Strategy and resources define the University’s future. By Joel Seligman
The campaign for the University of Rochester has begun. While it is too early to specify a monetary goal or to establish a time line, it is not premature to state that this effort will be the largest in the history of this institution and will have the general purpose of accelerating our recent progress.
To date, a number of important preparatory steps have occurred:
• Jim Thompson, formerly associate vice chancellor for development at Washington University, has joined us as senior vice president for advancement and chief advancement officer (see page 6). We have a long way to go to build the infrastructure that will make possible a major capital campaign, but this is an important first step.
• Several schools have taken steps to develop strategic plans to articulate their objectives for the next planning period. This will be an ongoing process which is most likely to succeed if there is a general sense in each school that its strategic plan reflects the consensus of the faculty, administrators, students, and alumni.
• Trustee Robert Goergen ’60, chairman of the Board of Trustees from 1991 to 2003, has agreed to chair a Board of Trustees Strategic Planning Advisory Committee. The purpose of this committee will be to provide a basis for detailed Board review of school strategic plans and to help the University articulate institution-wide themes for the campaign.
“I am proud to begin service as the 10th president of the University.”
We build on considerable strength. The legacy of Tom Jackson is that of a president who left the University considerably stronger than when he began. Notable among his achievements are the empowerment of the schools and divisions in pursuit of their respective missions; revitalization of the Medical Center through the 1996 strategic plan and the construction of several pivotal new facilities including the Arthur Kornberg Medical Research Building and the Medical Research Building Extension; the College of Arts, Sciences, and Engineering’s Renaissance Plan; the recent surge in rankings of the Simon School; the creation of innovative new programs within the School of Nursing; the impressive growth of the Warner School’s sponsored research and outreach; the Eastman School of Music’s continued prominence as one of the nation’s leading music schools; and the recent extension to the Laboratory for Laser Energetics, named for President Emeritus Robert Sproull, that so significantly expands the lab’s capabilities.
To be sure, my work as president also begins with challenges. Every presidency does. But lack of clarity about the top priorities for the University is not a challenge. The Presidential Search Committee, along with its faculty and student advisory committees, the Board of Trustees, the senior administrators, the deans, and the Faculty Senate consistently articulated their aspirations. This University is deservedly proud of its academic achievements and outstanding programs. But it needs more resources. My first priority is to build the infrastructure that will make possible the largest feasible capital campaign and annual giving program in the years to come.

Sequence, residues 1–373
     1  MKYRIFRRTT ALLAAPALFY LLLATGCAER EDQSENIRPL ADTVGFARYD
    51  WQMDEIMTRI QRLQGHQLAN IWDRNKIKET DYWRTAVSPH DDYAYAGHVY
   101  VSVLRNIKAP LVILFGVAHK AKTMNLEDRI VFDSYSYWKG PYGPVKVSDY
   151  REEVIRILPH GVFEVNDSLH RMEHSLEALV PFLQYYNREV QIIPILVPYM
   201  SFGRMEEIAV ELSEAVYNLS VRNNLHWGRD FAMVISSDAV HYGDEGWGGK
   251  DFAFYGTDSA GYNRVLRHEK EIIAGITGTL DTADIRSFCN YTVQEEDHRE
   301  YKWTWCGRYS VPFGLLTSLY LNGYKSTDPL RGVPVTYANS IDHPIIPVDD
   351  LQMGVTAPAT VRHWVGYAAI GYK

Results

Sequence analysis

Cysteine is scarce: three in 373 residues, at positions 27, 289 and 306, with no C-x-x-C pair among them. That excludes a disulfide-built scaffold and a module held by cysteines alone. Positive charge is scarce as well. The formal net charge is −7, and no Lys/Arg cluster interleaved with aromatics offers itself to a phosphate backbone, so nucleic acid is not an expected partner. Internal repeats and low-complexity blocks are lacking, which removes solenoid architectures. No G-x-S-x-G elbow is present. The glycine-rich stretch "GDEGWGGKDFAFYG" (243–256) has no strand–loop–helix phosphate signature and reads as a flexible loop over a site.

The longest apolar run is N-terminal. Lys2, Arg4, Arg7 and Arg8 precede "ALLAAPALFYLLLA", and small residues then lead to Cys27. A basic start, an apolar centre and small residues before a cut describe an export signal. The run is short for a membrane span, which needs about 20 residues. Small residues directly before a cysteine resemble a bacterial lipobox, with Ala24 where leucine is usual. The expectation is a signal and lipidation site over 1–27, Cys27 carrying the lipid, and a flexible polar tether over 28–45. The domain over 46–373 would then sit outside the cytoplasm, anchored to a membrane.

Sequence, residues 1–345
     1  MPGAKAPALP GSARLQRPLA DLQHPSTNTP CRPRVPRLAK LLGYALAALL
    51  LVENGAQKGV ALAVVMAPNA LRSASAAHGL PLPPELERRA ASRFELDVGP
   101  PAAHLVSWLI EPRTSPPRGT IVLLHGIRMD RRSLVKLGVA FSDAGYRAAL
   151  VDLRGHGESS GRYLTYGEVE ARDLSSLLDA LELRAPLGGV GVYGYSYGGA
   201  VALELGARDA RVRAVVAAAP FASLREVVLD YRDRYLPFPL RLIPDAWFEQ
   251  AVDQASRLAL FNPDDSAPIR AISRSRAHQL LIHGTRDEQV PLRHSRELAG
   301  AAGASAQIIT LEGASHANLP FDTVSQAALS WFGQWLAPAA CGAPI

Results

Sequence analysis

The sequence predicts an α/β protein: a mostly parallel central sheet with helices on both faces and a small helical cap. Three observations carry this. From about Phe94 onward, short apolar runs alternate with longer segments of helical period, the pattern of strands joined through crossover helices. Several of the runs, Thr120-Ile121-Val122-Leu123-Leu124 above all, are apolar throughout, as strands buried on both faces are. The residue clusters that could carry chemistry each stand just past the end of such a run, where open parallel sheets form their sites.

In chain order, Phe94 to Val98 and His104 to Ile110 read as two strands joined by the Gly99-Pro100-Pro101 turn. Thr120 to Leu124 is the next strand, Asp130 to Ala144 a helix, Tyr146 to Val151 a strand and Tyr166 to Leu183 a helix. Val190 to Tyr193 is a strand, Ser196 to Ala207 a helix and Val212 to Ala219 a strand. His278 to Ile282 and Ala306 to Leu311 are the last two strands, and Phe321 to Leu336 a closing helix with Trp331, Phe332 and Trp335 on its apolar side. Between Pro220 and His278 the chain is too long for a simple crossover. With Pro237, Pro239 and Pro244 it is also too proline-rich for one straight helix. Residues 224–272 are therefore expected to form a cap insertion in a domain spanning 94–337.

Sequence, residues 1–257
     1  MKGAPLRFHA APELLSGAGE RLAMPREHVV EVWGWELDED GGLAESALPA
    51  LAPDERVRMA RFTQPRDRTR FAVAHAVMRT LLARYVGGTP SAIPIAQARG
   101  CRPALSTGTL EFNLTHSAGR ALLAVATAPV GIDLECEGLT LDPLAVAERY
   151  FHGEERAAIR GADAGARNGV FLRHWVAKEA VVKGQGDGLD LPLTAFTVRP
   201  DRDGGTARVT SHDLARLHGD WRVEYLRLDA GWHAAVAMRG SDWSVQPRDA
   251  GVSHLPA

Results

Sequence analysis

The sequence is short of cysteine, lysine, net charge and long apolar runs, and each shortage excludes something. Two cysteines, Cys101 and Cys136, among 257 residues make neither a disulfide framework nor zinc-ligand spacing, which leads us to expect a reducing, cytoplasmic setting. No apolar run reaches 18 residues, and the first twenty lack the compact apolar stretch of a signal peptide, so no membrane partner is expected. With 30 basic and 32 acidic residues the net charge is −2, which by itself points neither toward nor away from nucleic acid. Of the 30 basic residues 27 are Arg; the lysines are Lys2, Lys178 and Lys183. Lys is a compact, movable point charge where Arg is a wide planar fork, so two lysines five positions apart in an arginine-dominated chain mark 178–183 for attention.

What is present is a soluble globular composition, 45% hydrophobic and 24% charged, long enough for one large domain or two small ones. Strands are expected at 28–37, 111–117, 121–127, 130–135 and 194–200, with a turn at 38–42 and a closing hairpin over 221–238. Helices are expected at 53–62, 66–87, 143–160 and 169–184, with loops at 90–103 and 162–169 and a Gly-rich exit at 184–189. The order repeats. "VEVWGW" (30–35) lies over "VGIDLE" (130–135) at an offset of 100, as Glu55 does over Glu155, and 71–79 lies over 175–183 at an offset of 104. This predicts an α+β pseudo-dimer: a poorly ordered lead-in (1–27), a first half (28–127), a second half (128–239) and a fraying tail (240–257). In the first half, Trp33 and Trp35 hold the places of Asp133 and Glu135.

I have also begun a “listening tour” involving each school and affiliated program, to date largely focusing on senior administrators and deans. In the months ahead, I look forward to broadening this effort to meet with each department chair and with the faculty of each department, as well as with students, administrators, staff, and alumni leaders.
The fundamental purpose of a national research university is to provide outstanding teaching, scholarship, and research. Nonetheless, being a great academic center is not inconsistent with playing a major role in our community as the University already does in Rochester. I also look forward to spending considerable time meeting community, political, and business leaders in the Rochester area.
Let me also highlight both an institutional and personal belief that a great university should simultaneously pursue academic excellence and diversity.
We live in a competitive multicultural world. Over time not only academic excellence, but the ability to work effectively with persons of different nationalities, different races, different religious beliefs, and different genders will be increasingly recognized as essential to success. The University can be viewed as having a unique historical mission in this regard. Few institutions have been so unmistakably touched by such champions of gender equality as Susan B. Anthony. Few cities can be as proud of the legacy of such a persuasive advocate of racial equality as Frederick Douglass.
I am proud to begin service as the 10th president of the University of Rochester. This is a great University. You have deeply honored me by the opportunity to serve and I pledge my unremitting effort.
On my desk in my office is a paperweight that includes the full text of the finest graduation speech I ever heard. The speech stated in its entirety: “Aim high.” This is my personal version of Meliora. I look forward to working with you in a campaign to make a great University even stronger.